Instruments & Gear: Instrument Demos

L.R. Baggs M1 Active and M80

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Two great magnetic soundhole pickups.

by Teja Gerken
October 12, 2020

Using technology similar to that used in electric guitar pickups, magnetic pickups that mount in the soundhole were the earliest options for amplifying acoustic guitars. While many manufacturers of electric guitar pickups continue to build exact replicas of 1950s and ’60s designs, magnetic pickups for acoustic guitars have become highly advanced, offering much richer sounds, less noise, and more features than soundhole pickups of the past. L.R. Baggs’s M1 Active and M80 (as well as the passive M1) magnetic pickups have been part of the company’s line for several years, and while they’re similar, they also have some significant differences. I have used both pickups at various times, but never compared them side-by-side, so for this video, I took them both into the Peghead Nation studio where I checked them out in my 1994 Taylor 712c

The M1 Active and M80 share a similar underlying design. Both use a stacked humbucking coil configuration, include a built-in preamp, and have plastic housings with identical dimensions. Both are powered by a small CR2032 button-style battery, have adjustable pole pieces and a volume control, and are secured in the soundhole with a simple clamping mechanism that requires no modifications to the instrument. Both pickups have a ⅛-inch mini-jack that can either connect to a wiring harness via a standard endpin jack installed in the guitar or directly to a longer cable hanging out of the soundhole for more temporary installations. 

The inherent design feature that sets the M1 and the M80 apart from other soundhole pickups is also where they differ the most. Because it is suspended inside the pickup’s enclosure, the lower coil of the stacked humbucking arrangement is able to not only eliminate electronic hum and noise, it also makes the pickup sensitive to body vibrations as well as the movement of the strings, yielding a sound comparable to that of dual-source setups that combine a pickup and a microphone. On the M80, L.R. Baggs further developed the original M1 suspension, which resulted in a three-dimensional sensor that gives the pickup much greater sensibility to body vibrations, yielding a more complex tonality. The M80 also has a battery-check function and switch for active or passive operation.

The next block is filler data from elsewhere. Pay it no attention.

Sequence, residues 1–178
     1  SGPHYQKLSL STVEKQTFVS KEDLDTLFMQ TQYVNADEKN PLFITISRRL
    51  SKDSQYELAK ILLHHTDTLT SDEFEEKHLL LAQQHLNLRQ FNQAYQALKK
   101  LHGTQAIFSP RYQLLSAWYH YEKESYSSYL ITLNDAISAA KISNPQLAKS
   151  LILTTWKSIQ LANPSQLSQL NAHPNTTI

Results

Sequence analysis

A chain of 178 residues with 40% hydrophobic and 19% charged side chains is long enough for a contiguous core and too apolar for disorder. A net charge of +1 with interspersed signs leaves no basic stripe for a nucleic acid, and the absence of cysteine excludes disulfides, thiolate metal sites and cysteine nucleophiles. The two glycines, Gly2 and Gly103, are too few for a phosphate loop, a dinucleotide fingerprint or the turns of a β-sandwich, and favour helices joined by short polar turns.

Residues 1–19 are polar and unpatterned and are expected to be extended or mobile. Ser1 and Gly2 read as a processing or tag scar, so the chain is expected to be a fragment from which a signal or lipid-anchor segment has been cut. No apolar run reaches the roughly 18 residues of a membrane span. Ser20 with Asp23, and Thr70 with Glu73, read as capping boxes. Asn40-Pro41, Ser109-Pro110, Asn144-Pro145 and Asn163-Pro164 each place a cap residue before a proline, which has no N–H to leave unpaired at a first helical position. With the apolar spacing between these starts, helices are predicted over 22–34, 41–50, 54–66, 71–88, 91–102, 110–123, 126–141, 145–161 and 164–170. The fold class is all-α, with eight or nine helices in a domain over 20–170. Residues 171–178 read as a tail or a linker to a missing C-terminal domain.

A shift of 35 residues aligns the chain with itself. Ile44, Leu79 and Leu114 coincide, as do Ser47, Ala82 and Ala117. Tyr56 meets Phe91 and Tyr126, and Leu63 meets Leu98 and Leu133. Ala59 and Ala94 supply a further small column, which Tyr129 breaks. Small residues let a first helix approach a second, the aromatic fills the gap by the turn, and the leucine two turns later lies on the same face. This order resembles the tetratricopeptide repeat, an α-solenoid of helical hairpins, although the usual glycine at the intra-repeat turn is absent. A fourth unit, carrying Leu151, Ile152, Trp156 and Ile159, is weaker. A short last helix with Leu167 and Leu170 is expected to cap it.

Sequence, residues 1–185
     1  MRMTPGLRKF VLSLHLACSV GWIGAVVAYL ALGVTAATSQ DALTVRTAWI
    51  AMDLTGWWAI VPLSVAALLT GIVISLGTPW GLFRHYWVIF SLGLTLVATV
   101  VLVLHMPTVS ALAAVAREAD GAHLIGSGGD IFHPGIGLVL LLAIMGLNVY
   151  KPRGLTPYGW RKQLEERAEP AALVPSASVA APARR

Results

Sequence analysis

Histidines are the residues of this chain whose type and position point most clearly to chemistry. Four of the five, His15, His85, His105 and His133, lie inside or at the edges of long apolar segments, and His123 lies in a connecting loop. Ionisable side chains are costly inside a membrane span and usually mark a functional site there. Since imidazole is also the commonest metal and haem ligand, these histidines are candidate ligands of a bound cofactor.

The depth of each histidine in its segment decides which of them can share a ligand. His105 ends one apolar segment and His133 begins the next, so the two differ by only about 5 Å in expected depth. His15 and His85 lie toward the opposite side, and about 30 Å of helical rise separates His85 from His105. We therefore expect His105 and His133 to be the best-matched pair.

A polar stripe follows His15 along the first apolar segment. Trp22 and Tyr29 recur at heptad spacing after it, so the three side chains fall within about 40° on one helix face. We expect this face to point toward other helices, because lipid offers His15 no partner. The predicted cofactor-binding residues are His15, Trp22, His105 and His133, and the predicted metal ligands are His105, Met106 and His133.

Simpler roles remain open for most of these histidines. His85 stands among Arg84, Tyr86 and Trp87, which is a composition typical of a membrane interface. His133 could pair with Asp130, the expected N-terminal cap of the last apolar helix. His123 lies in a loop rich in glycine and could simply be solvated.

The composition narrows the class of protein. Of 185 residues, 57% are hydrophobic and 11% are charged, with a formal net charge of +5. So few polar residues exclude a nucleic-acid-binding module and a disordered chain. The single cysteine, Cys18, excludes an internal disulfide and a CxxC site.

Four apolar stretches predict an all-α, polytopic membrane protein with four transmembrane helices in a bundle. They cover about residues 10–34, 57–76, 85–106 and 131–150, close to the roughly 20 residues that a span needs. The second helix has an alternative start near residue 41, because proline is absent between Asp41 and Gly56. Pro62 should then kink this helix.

Because of their easy installation, I was able to check out both pickups on the same guitar, playing three identical phrases, including fingerstyle, percussive body slaps, and strumming, with each pickup plugged into an AER Compact 60 amp. Both pickups offered the warm tone, excellent bass response, and smooth attack that magnetic pickups are known for, but there was no denying that the M80 had the edge in terms of delivering a more complex and natural acoustic tonality. This will likely make the M80 the better choice for solo performers, though some players, including those playing in bands or very loud settings, may prefer the more straightforward character of the M1 Active. Ultimately the choice will come down to personal preference. 

Overall, this test showed why L.R. Baggs’s magnetic pickups have been highly successful. Anyone looking to amplify a flattop steel-string guitar who prefers the magnetic pickup design’s slightly more “electric” quality over bridge- or soundboard-mounted options should check out the M1 Active or M80.

SPECS: Magnetic soundhole pickups. Stacked humbucking design with suspended lower coil. Adjustable pole pieces. Powered by CR2032 battery. Battery-check function and active/passive switch (M80). Made in USA. $199 (M1 Active)/$249 (M80) street.

Category: Instruments & Gear

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